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I've had some requests lately for some “back to the basics” material on social media, particularly Facebook.   So, for the next couple of weeks, I will be posting “Back to the Basics” articles a few times a week.  Let me  know if there is a particular topic you would like to learn more about.  Today's topic is about some of  the “rookie” mistakes business owners make on Facebook and how can avoid them

1. Posting Too Much

It is much better to start slow and build than to blitz people with posts during your first few months on Facebook. (Remember the old tale about the tortoise and the hare.) Like any building of business and garnering of clients, it takes time. Facebook may take less time than some of the older methods (like snail mail, flyers, and so forth), but it still needs to be done slowly and carefully. It does not attract clients if you bombard them with information and promotions all at once.  Also, posting more than 4 personal updates a day (not including shares) can get you in hot water with Facebook (I've known people who have had their accounts suspended).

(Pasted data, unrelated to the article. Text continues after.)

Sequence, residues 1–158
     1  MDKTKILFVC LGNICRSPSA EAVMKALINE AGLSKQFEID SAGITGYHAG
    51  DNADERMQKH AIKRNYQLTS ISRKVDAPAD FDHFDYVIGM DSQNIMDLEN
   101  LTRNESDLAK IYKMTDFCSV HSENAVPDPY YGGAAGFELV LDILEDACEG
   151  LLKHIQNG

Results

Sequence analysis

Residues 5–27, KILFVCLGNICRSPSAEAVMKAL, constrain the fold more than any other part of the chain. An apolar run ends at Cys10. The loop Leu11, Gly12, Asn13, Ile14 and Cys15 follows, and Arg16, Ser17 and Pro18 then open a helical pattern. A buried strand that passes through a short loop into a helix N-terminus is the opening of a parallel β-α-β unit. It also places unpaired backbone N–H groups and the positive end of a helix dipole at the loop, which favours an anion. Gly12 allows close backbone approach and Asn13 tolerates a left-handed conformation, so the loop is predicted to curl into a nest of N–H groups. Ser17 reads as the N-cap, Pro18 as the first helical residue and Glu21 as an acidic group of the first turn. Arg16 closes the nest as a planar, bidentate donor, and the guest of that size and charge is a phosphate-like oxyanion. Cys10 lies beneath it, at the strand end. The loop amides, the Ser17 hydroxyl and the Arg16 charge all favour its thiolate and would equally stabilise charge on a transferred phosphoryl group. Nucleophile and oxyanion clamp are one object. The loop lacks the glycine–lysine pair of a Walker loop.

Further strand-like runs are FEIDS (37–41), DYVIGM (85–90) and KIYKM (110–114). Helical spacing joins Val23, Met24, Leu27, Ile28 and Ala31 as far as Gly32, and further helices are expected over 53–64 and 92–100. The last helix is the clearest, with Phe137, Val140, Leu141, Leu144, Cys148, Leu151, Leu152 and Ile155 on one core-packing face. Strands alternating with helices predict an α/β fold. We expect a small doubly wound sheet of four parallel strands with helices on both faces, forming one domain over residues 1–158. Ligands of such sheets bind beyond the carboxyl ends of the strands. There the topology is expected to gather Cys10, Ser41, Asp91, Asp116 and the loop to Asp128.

2. Not Having A Fan Page for Your Business

Nowadays, it is pretty much expected that businesses have fan pages.  Since Facebook is more searched than google it makes sense to give people the ability to search for your business.  Also, you have more control over your brand.   Personally, I believe in some overlap between your personal fan page and business page.  Feel free to cross-post, but make sure that most of the posts on the fan page relate to your business.

3. Yawn…

One of the biggest rookie mistakes I see is having a *boring* web page.  You want people to want to click the “Like” button and return to your page, so make it interesting. You can have free giveaways, compelling content, links to interesting websites, and so forth. It's a good idea to keep it updated, too, so fans and visitors do not lose interest.

4. Not Joining Groups

Joining groups that relate to your business interests is a good way to use Facebook's interconnected community to promote your business. You can invite others to join, too, and form your own group.

5. Not cultivating and organizing your contacts

As you gather friends and followers, it's a good idea to keep them organized into lists. This is especially true if your business has multiple facets.  Creating lists of contacts allow you to filter the information that gets posted (think pictures of a darling daughter go family and friends – information about your latest teleseminar goes somewhere else.

What are the biggest mistakes you see people making on Facebook?